Thiruvananthapuram, July 16: A detailed study by the Kerala government in the recent outbreak of Nipah virus has suggested that 17 of the 19 infected people might have contracted the deadly virus from the first victim, 26-year-old Mohammed Sabith.
Sabith, who died on May 5, was among the 17 people who lost their lives after they contracted the virus. Two people had recovered.
As per available records, it has been found that Sabith contracted the Nipah virus from fruit bats and 17 others -- including three from his family i.e. father, younger brother and a paternal aunt -- got infected from him, government sources said.
Besides, the virus from him is also suspected to have infected four other people at the Peramabra Taluk Hospital, Kohzikode, where he was first brought, the sources in the state surveillance department of the Kerala Health Services said, adding that 10 others in the Kozhikode medical college hospital, where he was taken for a CT scan in the radiology department, also picked the virus from him.
One patient was infected by another man at the Perambra hospital, they said.
It is suspected that Sabith, an electrician, had contracted the virus from fruit bats, however, it is not clear the circumstances under which he got infected. Sabith had returned from the gulf eight months before he died.
Sabith first took treatment as an 'out patient' at the Perambra hospital for high fever and body pain on May 2.
On May 3, he was admitted at the hospital, and it is suspected that four people on night duty including sister Lini Puthussery, who attended to him, picked the virus from him.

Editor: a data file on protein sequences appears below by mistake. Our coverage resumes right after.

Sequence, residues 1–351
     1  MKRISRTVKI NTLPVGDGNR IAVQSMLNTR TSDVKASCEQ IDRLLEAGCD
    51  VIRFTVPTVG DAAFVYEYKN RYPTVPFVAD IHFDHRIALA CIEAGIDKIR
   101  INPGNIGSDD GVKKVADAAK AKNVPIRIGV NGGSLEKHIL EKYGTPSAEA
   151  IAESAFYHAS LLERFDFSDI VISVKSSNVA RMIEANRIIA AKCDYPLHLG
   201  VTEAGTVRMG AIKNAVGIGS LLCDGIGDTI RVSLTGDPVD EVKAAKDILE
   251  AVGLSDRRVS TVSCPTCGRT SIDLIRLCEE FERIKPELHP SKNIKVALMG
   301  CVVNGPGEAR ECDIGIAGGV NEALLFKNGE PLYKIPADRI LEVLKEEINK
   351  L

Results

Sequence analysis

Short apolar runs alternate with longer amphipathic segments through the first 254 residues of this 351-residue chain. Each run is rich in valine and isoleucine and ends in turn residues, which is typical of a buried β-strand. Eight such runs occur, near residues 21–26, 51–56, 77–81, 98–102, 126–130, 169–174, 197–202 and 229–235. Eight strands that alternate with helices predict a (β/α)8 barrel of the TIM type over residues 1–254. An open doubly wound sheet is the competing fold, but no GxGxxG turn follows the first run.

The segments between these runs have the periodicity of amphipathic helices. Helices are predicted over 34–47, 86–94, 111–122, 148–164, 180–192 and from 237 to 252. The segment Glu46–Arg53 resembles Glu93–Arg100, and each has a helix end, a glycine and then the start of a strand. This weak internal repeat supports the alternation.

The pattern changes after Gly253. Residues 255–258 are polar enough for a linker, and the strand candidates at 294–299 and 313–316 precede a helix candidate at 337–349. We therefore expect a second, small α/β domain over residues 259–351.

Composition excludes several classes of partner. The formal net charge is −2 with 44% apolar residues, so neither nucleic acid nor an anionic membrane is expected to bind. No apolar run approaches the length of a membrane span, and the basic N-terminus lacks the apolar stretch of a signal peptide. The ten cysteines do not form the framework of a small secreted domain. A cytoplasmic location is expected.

As his condition worsened on May 4, Sabith was shifted to the Medical College hospital for a CT scan, where he died on May 5. Ten people got infected at the medical college on the single day he was there, the sources said.
Though Sabith's blood samples were not tested for Nipah, as per records, it has been concluded that he had contracted Nipah virus, the sources said.
His younger brother was admitted to the hospital with similar symptoms and tests revealed that he was Nipah positive. He died shortly after, followed by their 60-year-old father and a paternal aunt who had come to help them.
It was suspected that the brothers might have contracted the virus when they got into a bat-infested well in their newly bought property. However, the bats in the well were found to be insect-eating ones, the sources said.
As a precautionary measure, a contact list of nearly 3,000 people with whom the infected persons had been in touch was prepared and they were put under quarantine. Nipah test was also conducted on them, the sources said.
The exhaustive report on the Nipah outbreak has been sent to the central surveillance department, the sources said.
Since the outbreak had national implications, the state surveillance unit has sought permission to officially close the outbreak as the 42-day double incubation period of the virus is over.
Two of the infected patients made a miraculous recovery bringing cheer to the doctors and nurses who treated them.
Fever, altered mental status, severe weakness, headache, respiratory distress, cough, vomiting, muscle pain, convulsion, diarrhoea are the symptoms of the virus, which also causes severe illness characterised by inflammation of the brain (encephalitis) or respiratory diseases.
The government had declared Kozhikode and Malappuram districts as free of Nipah on June 30 after no new cases were reported since May 31.